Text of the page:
The diamond push-up (sometimes referred to as the triceps push-up) is a push-up variation where you bring your hands together under your chest to form a diamond shape on the floor with your thumbs and forefingers. 

Research shows that doing push-ups with your hands close together emphasizes your triceps, making the diamond push-up a good push-up variation if you want to focus on developing your triceps more than your pecs.

9. Pike Push-up

Pike Push-up

The pike push-up trains your upper body similarly to the handstand push-up. The difference is that in the pike push-up, you keep your feet on the floor, reducing the weight you have to lift.

It also means the pike push-up requires less balance and coordination than the handstand push-up, which means it allows you to progressively build the strength you need to perform the handstand push-up.

10. Archer Push-up

Archer Push-up

In the archer push-up, you place your hands about twice as wide as shoulder-width, then lower yourself toward one of your hands, allowing your opposite arm to straighten. Once your chest touches your hand, you press through your bent arm to return to the starting position.

The benefit of the archer push-up is it trains each side of your body more or less independently, which helps you identify and correct muscle and strength imbalances because one side can’t “take over” from the other.

However, the archer push-up requires a lot of strength and coordination, so it’s not a viable push-up alternative if you’re new to strength training.

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The Best Push-up Workouts

Beginner Push-up Workout

This beginner push-up workout is perfect for people who are new to weightlifting because it involves the push-up variations that help you build a foundation of strength:

  • Knee Push-up: 3 sets of 10-to-20 with 2 min rest
  • Incline Push-up: 3 sets of 10-to-20 with 2 min rest

Intermediate Push-up Workout

Once you can do 20 reps for all your sets in the Beginner Push-up Workout, progress to this Intermediate Push-up Workout. It’s effective because it contains challenging push-up variations that train your pushing muscles in different ways, from different directions, and at different angles, making it ideal for building upper-body muscle and strength:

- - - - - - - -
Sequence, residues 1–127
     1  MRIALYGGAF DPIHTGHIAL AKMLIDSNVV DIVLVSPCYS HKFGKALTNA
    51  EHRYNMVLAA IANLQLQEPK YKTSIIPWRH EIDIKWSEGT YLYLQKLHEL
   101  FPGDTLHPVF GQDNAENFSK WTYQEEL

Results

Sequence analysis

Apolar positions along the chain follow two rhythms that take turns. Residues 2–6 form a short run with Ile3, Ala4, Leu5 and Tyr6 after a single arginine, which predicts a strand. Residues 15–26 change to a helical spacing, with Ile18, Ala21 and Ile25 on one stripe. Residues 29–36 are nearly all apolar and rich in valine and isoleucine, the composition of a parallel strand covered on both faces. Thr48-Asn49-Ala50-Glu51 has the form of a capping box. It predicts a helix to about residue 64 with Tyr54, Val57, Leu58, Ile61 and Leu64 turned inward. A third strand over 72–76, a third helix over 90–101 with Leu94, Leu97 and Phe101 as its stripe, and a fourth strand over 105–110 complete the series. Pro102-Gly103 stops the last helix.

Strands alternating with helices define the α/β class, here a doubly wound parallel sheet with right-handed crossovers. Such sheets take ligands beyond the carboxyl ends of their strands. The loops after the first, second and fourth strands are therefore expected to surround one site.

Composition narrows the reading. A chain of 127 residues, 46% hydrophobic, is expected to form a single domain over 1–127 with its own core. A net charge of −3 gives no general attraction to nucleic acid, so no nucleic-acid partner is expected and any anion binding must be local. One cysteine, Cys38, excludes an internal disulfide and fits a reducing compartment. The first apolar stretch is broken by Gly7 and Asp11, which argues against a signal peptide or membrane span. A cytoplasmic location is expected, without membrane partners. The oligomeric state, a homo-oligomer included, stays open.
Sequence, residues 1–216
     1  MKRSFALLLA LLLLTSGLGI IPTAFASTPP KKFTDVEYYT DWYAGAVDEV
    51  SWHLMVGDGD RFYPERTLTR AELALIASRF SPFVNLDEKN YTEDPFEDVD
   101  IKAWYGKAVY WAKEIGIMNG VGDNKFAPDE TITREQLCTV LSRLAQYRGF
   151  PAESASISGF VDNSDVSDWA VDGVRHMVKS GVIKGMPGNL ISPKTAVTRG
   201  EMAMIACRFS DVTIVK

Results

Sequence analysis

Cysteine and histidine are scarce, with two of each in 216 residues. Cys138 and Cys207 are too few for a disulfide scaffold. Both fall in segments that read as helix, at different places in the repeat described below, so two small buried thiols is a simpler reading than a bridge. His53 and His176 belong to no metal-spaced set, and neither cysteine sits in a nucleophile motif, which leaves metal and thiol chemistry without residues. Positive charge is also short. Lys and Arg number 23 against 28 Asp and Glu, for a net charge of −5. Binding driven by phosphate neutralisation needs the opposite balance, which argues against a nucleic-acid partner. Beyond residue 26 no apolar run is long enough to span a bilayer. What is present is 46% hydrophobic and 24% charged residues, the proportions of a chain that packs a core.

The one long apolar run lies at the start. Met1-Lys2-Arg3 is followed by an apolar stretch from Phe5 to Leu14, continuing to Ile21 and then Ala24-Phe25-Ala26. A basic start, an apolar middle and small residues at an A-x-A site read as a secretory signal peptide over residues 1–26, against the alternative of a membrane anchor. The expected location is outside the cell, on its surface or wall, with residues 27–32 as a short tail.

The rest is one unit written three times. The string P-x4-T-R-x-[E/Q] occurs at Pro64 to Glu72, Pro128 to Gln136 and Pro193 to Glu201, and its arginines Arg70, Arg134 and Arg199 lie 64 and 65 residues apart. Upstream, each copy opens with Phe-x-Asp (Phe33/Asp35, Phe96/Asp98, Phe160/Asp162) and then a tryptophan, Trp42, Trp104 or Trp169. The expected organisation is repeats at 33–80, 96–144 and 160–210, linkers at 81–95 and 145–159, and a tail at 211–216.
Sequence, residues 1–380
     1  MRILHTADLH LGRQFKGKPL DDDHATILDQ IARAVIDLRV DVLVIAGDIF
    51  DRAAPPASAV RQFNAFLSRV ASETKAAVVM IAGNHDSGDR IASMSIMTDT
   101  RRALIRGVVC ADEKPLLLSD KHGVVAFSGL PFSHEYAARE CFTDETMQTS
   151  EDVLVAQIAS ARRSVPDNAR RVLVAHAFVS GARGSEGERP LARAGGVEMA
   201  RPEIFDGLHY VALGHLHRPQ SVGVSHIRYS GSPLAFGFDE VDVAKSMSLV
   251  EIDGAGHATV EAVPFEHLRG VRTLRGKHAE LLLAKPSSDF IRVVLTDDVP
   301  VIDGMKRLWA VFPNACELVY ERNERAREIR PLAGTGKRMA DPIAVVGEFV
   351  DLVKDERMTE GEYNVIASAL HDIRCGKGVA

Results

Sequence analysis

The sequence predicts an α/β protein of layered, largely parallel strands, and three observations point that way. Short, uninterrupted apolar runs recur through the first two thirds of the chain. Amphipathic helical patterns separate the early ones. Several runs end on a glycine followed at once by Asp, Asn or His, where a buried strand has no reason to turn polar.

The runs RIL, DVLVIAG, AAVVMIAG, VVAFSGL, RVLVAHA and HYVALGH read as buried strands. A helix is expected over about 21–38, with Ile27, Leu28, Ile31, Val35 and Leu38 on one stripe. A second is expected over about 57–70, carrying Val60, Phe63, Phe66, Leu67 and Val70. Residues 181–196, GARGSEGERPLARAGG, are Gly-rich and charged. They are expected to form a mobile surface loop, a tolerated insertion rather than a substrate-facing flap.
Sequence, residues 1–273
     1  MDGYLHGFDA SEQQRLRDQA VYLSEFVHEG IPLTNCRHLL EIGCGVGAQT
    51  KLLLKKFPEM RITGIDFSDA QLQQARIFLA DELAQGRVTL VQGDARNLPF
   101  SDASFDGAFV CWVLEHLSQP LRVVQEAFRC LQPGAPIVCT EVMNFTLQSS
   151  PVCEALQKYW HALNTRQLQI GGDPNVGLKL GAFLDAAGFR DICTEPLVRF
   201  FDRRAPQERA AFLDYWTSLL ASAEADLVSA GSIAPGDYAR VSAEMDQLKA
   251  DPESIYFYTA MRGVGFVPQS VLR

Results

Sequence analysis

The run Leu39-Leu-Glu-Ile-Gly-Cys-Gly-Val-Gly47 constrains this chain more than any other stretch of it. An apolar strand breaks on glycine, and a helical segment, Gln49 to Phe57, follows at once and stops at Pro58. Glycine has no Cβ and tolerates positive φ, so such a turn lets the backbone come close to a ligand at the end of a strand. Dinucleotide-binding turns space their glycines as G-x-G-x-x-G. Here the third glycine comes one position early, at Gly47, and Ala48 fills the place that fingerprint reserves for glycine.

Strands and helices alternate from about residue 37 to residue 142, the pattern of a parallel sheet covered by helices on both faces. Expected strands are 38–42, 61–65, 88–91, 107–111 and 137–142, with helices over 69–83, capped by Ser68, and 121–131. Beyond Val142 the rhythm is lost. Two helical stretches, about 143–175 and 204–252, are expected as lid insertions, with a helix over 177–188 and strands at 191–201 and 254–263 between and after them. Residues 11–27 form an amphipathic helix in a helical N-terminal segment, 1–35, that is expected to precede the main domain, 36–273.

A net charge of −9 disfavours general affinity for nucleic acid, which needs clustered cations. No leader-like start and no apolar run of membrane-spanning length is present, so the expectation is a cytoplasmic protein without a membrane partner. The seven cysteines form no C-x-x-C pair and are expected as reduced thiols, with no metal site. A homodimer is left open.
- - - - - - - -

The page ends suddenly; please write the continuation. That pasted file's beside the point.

Decline Push-up: 3 sets of 10-to-20 with 2 min rest

Deficit Push-up: 3 sets of 10-to-20 with 2 min rest

Pike Push-up: 3 sets of 10-to-20 with 2 min rest

Advanced Push-up Workout

This Advanced Push-up Workout contains all the most demanding push-up variations, so only progress to it once you can do 20 reps for all your sets in the Intermediate Push-up Workout.

  • Band Push-up: 3 sets of 10-to-20 with 2 min rest
  • Handstand Push-up: 3 sets of 10-to-20 with 2 min rest
  • Decline Push-up: 3 sets of 10-to-20 with 2 min rest
  • Diamond Push-up: 3 sets of 10-to-20 with 2 min rest

And if you like the look of these workouts and you’d like more for training your entire body, check out my fitness plans for men and women Bigger Leaner Stronger and Thinner Leaner Stronger.

(Or if you aren’t sure if Bigger Leaner Stronger or Thinner Leaner Stronger is right for you or if another strength training program might be a better fit for your circumstances and goals, take Legion Strength Training Quiz, and in less than a minute, you’ll know the perfect strength training program for you. Click here to check it out.) 

FAQ #1: What’s the difference between a regular push-up and a military push-up?

The only difference between a military push-up and a regular push-up is that in the military push-up, you keep your elbows slightly closer to your sides as you perform each rep. 

For instance, you flare your elbows in the regular push-up so they’re 6-to-8 inches from your torso at the bottom of each rep. Conversely, in the military push-up, you “tuck” your elbow closer to your sides, so they finish each rep 2-to-4 inches from your torso.

FAQ #2: What’s the push-up world record?

In April 2022, Australian Daniel Scali smashed the push-up world record by completing 3,182 push-ups in 1 hour—over 100 more than the previous record of 3,054 achieved by fellow Australian Jarrad Young in 2021.

FAQ #3: Why can’t I do a push-up?

Many people think of the push-up as a “beginner exercise,” but it requires more strength than most realize. Research shows that you must lift ~70-to-75% of your body weight to complete a push-up with proper push-up form. For example, if you weigh 180 pounds, you must lift ~125-to-135 pounds to complete a push-up.

For many new weightlifters, lifting most of their body weight is too much in the beginning. Don’t fret if this is the case for you, though. Follow the Beginner Push-up Workout in this article, and you’ll soon build the strength you need to progress to the regular push-up.

+ Scientific References